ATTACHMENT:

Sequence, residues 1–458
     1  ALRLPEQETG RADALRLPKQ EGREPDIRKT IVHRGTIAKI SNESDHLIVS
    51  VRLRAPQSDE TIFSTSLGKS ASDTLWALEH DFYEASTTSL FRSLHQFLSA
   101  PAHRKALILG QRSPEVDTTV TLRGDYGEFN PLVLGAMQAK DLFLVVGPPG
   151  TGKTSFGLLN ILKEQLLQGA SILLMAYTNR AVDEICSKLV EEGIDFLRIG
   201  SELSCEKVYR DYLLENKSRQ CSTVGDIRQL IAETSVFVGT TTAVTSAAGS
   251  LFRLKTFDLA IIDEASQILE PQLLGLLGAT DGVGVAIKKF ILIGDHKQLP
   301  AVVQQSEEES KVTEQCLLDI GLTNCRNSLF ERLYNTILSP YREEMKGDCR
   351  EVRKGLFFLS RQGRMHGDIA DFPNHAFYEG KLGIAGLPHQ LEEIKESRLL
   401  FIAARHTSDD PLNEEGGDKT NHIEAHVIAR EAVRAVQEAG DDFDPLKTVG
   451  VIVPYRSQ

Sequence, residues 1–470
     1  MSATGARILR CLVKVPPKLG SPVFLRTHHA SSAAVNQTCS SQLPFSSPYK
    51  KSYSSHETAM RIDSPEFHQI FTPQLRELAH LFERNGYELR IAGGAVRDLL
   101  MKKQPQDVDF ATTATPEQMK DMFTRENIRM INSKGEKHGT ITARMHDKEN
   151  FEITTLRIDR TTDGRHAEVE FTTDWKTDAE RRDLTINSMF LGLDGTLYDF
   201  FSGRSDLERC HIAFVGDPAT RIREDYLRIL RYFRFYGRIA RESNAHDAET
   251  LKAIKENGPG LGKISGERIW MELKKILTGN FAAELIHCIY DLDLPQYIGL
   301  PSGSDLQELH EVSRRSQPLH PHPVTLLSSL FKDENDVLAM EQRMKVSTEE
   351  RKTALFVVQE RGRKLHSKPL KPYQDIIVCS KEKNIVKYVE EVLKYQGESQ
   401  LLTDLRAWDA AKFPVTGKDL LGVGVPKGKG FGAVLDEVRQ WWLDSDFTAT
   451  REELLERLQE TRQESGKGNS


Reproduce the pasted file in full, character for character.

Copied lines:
Sequence, residues 1–458
     1  ALRLPEQETG RADALRLPKQ EGREPDIRKT IVHRGTIAKI SNESDHLIVS
    51  VRLRAPQSDE TIFSTSLGKS ASDTLWALEH DFYEASTTSL FRSLHQFLSA
   101  PAHRKALILG QRSPEVDTTV TLRGDYGEFN PLVLGAMQAK DLFLVVGPPG
   151  TGKTSFGLLN ILKEQLLQGA SILLMAYTNR AVDEICSKLV EEGIDFLRIG
   201  SELSCEKVYR DYLLENKSRQ CSTVGDIRQL IAETSVFVGT TTAVTSAAGS
   251  LFRLKTFDLA IIDEASQILE PQLLGLLGAT DGVGVAIKKF ILIGDHKQLP
   301  AVVQQSEEES KVTEQCLLDI GLTNCRNSLF ERLYNTILSP YREEMKGDCR
   351  EVRKGLFFLS RQGRMHGDIA DFPNHAFYEG KLGIAGLPHQ LEEIKESRLL
   401  FIAARHTSDD PLNEEGGDKT NHIEAHVIAR EAVRAVQEAG DDFDPLKTVG
   451  VIVPYRSQ

Sequence, residues 1–470
     1  MSATGARILR CLVKVPPKLG SPVFLRTHHA SSAAVNQTCS SQLPFSSPYK
    51  KSYSSHETAM RIDSPEFHQI FTPQLRELAH LFERNGYELR IAGGAVRDLL
   101  MKKQPQDVDF ATTATPEQMK DMFTRENIRM INSKGEKHGT ITARMHDKEN
   151  FEITTLRIDR TTDGRHAEVE FTTDWKTDAE RRDLTINSMF LGLDGTLYDF
   201  FSGRSDLERC HIAFVGDPAT RIREDYLRIL RYFRFYGRIA RESNAHDAET
   251  LKAIKENGPG LGKISGERIW MELKKILTGN FAAELIHCIY DLDLPQYIGL
   301  PSGSDLQELH EVSRRSQPLH PHPVTLLSSL FKDENDVLAM EQRMKVSTEE
   351  RKTALFVVQE RGRKLHSKPL KPYQDIIVCS KEKNIVKYVE EVLKYQGESQ
   401  LLTDLRAWDA AKFPVTGKDL LGVGVPKGKG FGAVLDEVRQ WWLDSDFTAT
   451  REELLERLQE TRQESGKGNS